The Magi, in art and in nativity sets, are often these jovial, kind, harmless figures, gift-wrapped boxes in their hands. But what this story in its fullness tells us is that they are also tragic figures, sorrow-filled figures. They choose to trust Herod, choose to trust the King, someone who ought to be trustworthy, with the amazing good news that the Messiah has been born. And in so doing, they unwittingly invite Herod’s violence into Jesus’ life and Joseph and Mary’s lives and into the lives of who knows how many innocent and unnamed children.

Children who, now, will never get to grow up.

So. I have some distressing news to share with you. Over the last number of weeks, you may have received warning notice from Grace letting you know that there is a scammer or, maybe, multiple scammers hopping onto email pretending to be Jeanne or me or a parishioner here at Grace. And I’m really sorry to let you know that no fewer than two parishioners have been defrauded of money by this scam. One parishioner was defrauded of about $300. More recently, a second parishioner was defrauded of $1300.

Now, I want to be clear. I have just transitioned from the murder of children to the stealing of money, and I want to emphasise that the two are not the moral equivalent of one another. Of course they are not. What I am arguing, I guess, is that thefts such as these are microcosms, small versions, of other, bigger kinds of violence. Violence such as Herod inflicts, violence such as we hear about today in synagogues and churches.

Because in both cases, the violence is against trust, against community. We come to church or synagogue or other places of worship because we trust that we are going to find healing, belonging, and meaning in these places, we trust that we are going to find goodness and love in them, we trust that we are going to find safety in them, we trust that we are going to find God in them. These are places, we reckon, where we are home, where we are allowed to let down our guards.

And when someone takes advantage of that trust and pretends to be a member of the community asking for help or, far worse, brings a gun or a knife a machete into the community, it feels like an especially big violation. And it demands the question: how shall we respond?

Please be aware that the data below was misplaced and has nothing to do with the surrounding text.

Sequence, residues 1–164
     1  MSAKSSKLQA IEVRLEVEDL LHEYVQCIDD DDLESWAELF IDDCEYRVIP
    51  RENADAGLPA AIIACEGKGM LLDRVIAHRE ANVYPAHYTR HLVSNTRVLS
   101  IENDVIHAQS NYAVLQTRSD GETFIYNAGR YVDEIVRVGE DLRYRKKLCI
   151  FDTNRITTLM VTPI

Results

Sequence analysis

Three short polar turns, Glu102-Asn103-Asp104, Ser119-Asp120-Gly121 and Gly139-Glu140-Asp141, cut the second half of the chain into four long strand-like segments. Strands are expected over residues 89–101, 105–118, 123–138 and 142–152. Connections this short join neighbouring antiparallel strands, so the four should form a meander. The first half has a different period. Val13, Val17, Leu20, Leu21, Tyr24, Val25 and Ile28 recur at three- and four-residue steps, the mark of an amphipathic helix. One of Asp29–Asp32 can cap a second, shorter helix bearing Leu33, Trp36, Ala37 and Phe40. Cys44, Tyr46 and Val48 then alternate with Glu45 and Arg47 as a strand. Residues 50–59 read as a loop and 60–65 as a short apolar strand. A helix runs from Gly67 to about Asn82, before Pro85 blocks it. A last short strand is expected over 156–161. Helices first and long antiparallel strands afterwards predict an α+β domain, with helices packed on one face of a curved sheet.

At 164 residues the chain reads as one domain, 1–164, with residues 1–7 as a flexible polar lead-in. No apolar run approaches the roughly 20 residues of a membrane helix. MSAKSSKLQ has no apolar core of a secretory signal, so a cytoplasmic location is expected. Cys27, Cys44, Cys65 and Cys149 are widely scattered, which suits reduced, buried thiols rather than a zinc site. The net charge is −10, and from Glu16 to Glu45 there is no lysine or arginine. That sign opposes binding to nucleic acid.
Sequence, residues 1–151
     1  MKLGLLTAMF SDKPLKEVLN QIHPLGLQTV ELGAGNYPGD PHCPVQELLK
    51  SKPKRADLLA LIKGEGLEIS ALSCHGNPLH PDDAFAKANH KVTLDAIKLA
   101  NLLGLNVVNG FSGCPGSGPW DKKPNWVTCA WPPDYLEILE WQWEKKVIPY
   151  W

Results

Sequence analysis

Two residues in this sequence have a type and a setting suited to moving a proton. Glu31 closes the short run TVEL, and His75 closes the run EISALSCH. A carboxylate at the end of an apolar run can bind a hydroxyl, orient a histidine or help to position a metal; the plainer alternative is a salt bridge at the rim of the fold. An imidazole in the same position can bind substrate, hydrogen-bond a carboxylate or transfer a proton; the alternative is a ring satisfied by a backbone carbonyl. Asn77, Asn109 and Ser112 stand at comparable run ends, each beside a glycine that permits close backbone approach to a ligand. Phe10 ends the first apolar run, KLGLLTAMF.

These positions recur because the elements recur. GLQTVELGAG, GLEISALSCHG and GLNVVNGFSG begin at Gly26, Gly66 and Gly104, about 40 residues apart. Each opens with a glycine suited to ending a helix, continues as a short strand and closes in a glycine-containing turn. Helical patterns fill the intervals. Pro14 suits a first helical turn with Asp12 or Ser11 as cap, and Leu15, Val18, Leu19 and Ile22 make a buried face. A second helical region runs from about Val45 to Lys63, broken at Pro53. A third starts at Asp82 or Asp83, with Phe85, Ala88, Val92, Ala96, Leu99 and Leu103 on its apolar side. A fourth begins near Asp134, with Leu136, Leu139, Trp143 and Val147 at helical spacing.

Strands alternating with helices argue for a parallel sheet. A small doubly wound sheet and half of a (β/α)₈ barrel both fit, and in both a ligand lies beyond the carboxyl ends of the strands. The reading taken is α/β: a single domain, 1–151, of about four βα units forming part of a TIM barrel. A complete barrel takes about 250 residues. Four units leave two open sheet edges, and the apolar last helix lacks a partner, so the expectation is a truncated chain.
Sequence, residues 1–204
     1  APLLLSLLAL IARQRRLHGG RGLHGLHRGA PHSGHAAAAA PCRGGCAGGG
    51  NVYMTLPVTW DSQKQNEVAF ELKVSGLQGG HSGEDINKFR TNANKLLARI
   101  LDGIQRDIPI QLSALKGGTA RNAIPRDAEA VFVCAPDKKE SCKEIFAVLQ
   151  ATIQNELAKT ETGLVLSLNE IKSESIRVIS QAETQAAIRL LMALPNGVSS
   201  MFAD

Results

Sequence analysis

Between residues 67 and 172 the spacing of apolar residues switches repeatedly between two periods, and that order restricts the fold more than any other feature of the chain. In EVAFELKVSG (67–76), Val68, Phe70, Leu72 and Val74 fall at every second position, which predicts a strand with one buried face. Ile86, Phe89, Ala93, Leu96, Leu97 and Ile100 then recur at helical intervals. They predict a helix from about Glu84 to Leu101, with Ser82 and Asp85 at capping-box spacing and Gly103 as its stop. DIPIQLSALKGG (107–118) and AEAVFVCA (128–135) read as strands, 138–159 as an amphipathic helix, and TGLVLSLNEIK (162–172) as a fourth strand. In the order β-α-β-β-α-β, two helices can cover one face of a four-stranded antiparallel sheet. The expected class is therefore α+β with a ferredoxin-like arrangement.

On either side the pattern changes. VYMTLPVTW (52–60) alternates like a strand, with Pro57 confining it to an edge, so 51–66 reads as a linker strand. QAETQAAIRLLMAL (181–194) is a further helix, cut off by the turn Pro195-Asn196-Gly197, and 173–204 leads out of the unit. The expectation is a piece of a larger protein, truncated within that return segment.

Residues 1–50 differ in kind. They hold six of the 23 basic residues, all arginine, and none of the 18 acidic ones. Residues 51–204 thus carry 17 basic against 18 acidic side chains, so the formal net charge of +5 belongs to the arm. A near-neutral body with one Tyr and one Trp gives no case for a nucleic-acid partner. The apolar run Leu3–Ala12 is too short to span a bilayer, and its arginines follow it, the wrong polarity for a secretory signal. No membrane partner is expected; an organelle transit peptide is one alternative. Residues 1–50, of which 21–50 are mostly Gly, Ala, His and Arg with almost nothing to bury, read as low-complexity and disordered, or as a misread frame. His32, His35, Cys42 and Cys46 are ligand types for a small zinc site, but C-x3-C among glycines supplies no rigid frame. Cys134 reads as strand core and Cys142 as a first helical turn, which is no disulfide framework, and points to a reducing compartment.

Is church too going to be place where we must be on guard at all times?

For some of our fellow people of faith, the answer is “yes.” As you likely know, a recent shooting at a church in Texas was stopped and who knows how many murders prevented because several church goers were armed and one of them was able to shoot and kill the perpetrator. This is the famous “good guy with a gun,” except in real life. Is the takeaway that we at Grace should do the same, that acolytes and choir members ought to have pistols under their robes and keep a machine gun stowed in the pulpit? Microcosmically, do the recent scams mean that the trust that is so much part of this good place is something that we ought to regard with scepticism and suspicion?

Maybe a sensible answer, a street-smart answer, would be “yes.” But that’s not the answer that I want to give. And if Jesus is telling the truth when, in Gethsemane he tells his disciple to put away the sword, when he pushes back when that the disciples want to engage in violence, when, even on the cross, he chooses to forgive, then I don’t think that it is the answer that Jesus wants us to give either.

Maybe it is naïve or foolish or reckless. But I believe that Jesus, the child laying in the manger even as the soldiers draw near, wants us to keep on trusting in goodness and love, keep on hoping for goodness and love, keep on working for goodness and love.

Because I think Jesus’ trust, Jesus’ trust in humanity in spite of everything, is built right into Christmas. Theologians will sometimes say of the incarnation, of the Kingdom, of the Gospel, that these things have an already and a not yet quality. The kingdom is already here, Jesus is already among us. The church is already the body of Christ. And yet silly power struggles and hurt feelings remain. And scams remain. And the worst kind of violence remains.

And in a way, the not yet makes the already even more amazing, Here is all of this brokenness. And here is Jesus, here is God, showing up anyway. That is the best news.

Already and not yet is the paradox built into his paradoxical time of year, a time of year in which we sing paradoxical songs: songs of joy and glad tidings and loneliness and grief. Songs of hope, that Jesus is here among all of the hurt and that Jesus is coming and that Jesus will change everything. That is hope that I need, for which I long.

For we’ve grown a little leaner
Grown a little colder
Grown a little sadder
Grown a little older

We need a little Christmas. Now.